Preventing obesity in pets – the role owners play

Did you know that most pet owners play a huge part in their pets’ weight? Unfortunately, pets are very seldom overweight due to underlying metabolic conditions or diseases, but mostly due to owners unknowingly causing their pets to gain weight as a result of bad habits. And this increased during the lockdown period when people were at home with their pets.

The biggest culprit is probably the inappropriate use of treats and allowing dogs to snack on human food. Treats are a great way to train and even spoil your pet when given in appropriate amounts, but this is often not the case.

Owners should avoid feeding their pets any leftovers, table scraps, excessive doggy treats and human food like cheese, biltong or meats. This has become increasingly difficult, since more people are working from home and spending more time with their pets. We have all fallen victim to the pleading eyes of an adorable, begging pet at some point. Although exercise is important for your pet’s physical and mental wellbeing, on its own, it is often not enough to ensure that your pet stays lean and healthy.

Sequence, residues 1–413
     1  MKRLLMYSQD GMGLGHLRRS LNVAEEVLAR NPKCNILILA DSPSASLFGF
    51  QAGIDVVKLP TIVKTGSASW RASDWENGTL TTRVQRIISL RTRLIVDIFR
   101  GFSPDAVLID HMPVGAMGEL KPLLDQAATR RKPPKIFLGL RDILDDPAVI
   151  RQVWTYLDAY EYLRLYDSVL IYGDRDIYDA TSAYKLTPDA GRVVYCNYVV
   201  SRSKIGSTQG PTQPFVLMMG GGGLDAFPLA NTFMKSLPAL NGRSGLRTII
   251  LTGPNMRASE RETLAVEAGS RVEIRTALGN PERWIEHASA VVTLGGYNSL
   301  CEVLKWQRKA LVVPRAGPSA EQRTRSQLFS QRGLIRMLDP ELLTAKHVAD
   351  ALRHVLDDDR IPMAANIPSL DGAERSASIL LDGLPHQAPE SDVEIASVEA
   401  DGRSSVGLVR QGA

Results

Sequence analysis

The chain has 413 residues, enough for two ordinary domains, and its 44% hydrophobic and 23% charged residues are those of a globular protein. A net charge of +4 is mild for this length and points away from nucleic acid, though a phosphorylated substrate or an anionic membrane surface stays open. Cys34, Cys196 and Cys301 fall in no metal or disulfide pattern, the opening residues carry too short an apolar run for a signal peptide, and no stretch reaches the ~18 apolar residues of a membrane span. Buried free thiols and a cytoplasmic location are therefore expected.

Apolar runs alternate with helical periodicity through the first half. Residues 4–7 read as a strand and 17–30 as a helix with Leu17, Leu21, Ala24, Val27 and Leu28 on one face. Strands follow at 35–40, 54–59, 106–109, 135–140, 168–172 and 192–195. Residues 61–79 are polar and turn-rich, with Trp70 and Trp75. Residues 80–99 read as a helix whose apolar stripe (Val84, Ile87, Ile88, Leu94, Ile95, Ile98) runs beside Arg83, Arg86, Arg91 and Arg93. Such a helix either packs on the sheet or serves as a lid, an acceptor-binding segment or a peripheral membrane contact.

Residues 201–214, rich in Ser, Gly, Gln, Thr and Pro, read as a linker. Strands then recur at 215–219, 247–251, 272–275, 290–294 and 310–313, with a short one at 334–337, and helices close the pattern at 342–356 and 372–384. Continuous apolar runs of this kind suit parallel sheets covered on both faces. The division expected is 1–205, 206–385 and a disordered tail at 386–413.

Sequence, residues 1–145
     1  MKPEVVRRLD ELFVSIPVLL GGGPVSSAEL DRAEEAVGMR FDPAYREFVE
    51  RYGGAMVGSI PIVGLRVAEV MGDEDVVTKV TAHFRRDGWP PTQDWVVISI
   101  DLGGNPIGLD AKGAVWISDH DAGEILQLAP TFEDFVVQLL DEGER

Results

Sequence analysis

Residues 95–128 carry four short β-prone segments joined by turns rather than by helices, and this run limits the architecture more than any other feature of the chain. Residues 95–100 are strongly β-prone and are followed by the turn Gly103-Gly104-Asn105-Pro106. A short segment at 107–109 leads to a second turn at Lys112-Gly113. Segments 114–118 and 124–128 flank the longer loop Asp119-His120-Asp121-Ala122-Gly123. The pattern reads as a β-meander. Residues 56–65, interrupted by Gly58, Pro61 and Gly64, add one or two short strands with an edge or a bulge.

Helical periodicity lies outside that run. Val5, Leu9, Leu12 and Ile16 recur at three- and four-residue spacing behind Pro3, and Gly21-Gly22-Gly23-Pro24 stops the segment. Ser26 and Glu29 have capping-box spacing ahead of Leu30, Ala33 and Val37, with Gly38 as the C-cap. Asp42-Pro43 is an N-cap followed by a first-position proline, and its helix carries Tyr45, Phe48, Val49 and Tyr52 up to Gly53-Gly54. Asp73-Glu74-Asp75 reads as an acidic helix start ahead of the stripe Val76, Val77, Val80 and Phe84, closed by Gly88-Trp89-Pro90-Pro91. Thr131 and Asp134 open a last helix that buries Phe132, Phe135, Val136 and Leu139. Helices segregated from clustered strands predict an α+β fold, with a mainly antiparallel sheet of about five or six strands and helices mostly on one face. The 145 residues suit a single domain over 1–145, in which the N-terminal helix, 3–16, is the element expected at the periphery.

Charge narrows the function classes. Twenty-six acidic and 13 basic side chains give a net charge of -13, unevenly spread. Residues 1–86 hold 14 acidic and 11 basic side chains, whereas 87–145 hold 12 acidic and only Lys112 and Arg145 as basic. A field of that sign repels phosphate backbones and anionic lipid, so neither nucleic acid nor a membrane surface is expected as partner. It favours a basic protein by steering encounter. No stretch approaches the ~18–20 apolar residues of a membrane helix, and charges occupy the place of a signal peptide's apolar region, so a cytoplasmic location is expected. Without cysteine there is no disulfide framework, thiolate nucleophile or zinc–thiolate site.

Another common mistake is not measuring your pet’s meals. Most commercial pet food has a guideline on the packaging, explaining how much food your pet needs in 24 hours, according to their weight. Remember, pets should be fed according to their ideal adult weight, and not necessarily their current weight. Your local veterinarian can help you determine your pet’s ideal weight.

Also remember that an overweight or obese pet is under no circumstances cute. Obesity is a condition that negatively influences your pet’s quality of life and predisposes him to – as well as contributing to – several disease states, for example, arthritis. So, cut down on those treats, ensure that you are feeding the right amount of a vet-recommended pet food, and ask your local vet for their help to ensure that your pet is at his ideal weight.

Dr Johan Jordaan, veterinarian


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